Mr McGleenan said that the power to make ICOs was designed “to deal with a situation of civil emergency”.

He added: “It would have been impractical or even impossible for the secretary of state to give personal consideration to every request for the making of an ICO.”

Gerry Adams prison escape convictions ‘should be overturned’

  Gerry Adams prison escape convictions ‘should be overturned’ Gerry Adams’ historic prison escape convictions should be overturned because his detention without charge was unlawful, the UK’s highest court has heard.Lawyers for Mr Adams, 71, argue that because the interim custody order (ICO) used to detain him was not authorised by the then-secretary of state for Northern Ireland, Willie Whitelaw, his detention was unlawful.

THE UK SUPREME Court has granted Gerry Adams permission to appeal his convictions for two escapes from Maze prison , also known as Long Kesh However, on 31 October, the Supreme Court in the UK granted permission to appeal the ruling. It will have to reexamine if the interim custody order

Retired Sinn Féin president was convicted over two attempts to escape internment in 1970s.

Mr McGleenan accepted that Mr Adams’ convictions should be quashed if the Supreme Court ruled in his favour.

The Louth TD was first detained in March 1972, but was released in June that year to take part in secret talks in London before being rearrested in July 1973.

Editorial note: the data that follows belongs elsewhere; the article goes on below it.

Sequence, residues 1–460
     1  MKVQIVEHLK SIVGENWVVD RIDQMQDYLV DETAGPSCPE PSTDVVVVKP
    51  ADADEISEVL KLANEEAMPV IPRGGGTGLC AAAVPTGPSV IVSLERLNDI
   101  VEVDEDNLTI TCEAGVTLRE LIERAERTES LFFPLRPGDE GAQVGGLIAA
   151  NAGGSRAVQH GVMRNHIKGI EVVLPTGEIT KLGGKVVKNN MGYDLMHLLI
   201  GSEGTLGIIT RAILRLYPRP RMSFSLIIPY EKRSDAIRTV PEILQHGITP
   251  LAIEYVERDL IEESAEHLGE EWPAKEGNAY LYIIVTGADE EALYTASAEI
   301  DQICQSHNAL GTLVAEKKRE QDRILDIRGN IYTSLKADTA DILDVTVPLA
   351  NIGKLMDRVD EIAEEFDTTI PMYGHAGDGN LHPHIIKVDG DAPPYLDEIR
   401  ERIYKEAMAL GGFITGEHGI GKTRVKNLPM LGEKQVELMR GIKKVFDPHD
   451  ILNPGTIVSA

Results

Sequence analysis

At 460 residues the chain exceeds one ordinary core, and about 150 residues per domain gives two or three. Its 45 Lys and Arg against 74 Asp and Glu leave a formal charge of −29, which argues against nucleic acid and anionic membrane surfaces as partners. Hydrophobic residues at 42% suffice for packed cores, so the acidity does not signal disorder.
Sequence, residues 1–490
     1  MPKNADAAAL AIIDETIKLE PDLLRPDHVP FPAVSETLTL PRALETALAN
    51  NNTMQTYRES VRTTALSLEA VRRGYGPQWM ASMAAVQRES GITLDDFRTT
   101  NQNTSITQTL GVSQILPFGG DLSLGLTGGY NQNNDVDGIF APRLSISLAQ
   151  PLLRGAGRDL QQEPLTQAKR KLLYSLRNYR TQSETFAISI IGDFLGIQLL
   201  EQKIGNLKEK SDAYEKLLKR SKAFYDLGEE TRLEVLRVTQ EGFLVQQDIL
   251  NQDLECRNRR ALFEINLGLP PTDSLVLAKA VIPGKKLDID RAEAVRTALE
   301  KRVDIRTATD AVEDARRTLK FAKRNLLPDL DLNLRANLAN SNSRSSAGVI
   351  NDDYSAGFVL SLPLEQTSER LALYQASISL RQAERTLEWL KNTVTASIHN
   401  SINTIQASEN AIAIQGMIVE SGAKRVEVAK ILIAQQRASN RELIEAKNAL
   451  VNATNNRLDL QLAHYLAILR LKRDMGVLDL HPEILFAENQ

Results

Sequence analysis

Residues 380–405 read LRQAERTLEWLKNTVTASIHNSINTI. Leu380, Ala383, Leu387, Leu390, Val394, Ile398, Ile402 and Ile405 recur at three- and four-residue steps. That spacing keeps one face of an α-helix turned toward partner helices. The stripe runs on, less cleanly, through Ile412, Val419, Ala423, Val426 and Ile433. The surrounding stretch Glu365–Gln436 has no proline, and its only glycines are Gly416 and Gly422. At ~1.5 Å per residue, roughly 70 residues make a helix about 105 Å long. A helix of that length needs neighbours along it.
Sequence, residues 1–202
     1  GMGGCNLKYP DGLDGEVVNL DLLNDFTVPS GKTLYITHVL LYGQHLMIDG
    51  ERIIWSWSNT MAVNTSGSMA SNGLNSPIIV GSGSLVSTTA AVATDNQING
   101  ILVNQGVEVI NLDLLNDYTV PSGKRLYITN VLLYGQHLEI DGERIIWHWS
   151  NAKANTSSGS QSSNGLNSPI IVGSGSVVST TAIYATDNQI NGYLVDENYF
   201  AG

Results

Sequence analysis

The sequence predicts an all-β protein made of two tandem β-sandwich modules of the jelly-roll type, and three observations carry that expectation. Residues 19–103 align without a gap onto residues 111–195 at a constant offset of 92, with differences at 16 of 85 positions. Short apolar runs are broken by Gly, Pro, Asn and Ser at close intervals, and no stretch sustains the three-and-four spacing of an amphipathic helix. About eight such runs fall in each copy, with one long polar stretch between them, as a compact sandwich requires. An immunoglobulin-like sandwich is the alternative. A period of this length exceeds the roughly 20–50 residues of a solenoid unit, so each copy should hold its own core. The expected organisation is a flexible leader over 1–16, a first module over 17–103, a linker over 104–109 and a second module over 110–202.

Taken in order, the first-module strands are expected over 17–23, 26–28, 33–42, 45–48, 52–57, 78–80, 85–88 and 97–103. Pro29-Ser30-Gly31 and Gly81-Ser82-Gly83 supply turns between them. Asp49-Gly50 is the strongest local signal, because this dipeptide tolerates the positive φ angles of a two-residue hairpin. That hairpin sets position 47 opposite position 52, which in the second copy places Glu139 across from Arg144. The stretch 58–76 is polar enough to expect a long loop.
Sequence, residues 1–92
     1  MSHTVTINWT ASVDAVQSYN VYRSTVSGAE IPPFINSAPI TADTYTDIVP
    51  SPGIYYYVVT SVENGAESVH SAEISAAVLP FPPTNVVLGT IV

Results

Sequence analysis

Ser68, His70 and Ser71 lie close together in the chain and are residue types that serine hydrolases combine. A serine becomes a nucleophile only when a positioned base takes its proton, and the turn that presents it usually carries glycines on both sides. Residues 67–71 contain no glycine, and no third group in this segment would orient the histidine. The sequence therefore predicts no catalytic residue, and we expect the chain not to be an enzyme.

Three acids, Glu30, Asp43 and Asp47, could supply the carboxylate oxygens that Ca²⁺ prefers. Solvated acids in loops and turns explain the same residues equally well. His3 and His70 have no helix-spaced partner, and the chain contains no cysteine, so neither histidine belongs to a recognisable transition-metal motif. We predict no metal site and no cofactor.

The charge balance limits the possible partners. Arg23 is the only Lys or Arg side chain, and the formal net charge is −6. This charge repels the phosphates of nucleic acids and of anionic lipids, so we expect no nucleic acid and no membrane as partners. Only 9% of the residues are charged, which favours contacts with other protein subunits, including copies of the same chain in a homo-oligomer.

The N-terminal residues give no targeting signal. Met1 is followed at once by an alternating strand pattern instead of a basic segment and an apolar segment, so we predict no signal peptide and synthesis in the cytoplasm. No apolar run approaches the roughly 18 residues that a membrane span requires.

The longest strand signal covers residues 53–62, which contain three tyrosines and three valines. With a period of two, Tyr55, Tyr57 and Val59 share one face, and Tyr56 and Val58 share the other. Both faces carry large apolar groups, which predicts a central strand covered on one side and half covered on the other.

Last year, the Court of Appeal in Belfast heard that, on Christmas Eve 1973, Mr Adams was among four detainees caught attempting to break out of the Maze.

The second escape bid in July 1974 was described as an “elaborate scheme” which involved the kidnap of a man who bore a “striking resemblance” to Mr Adams from a bus stop in west Belfast.

The man was taken to a house where his hair was dyed and he was given a false beard, then taken to the Maze where he was to be substituted for Mr Adams in a visiting hut, the court heard.

However, prison staff were alerted to the plan and Mr Adams was arrested in the car park of the jail, the court was told.

A panel of five Supreme Court justices – led by the former Lord Chief Justice of Northern Ireland, Lord Kerr, and which includes the Lord Chief Justice of England and Wales, Lord Burnett – are expected to reserve their judgment.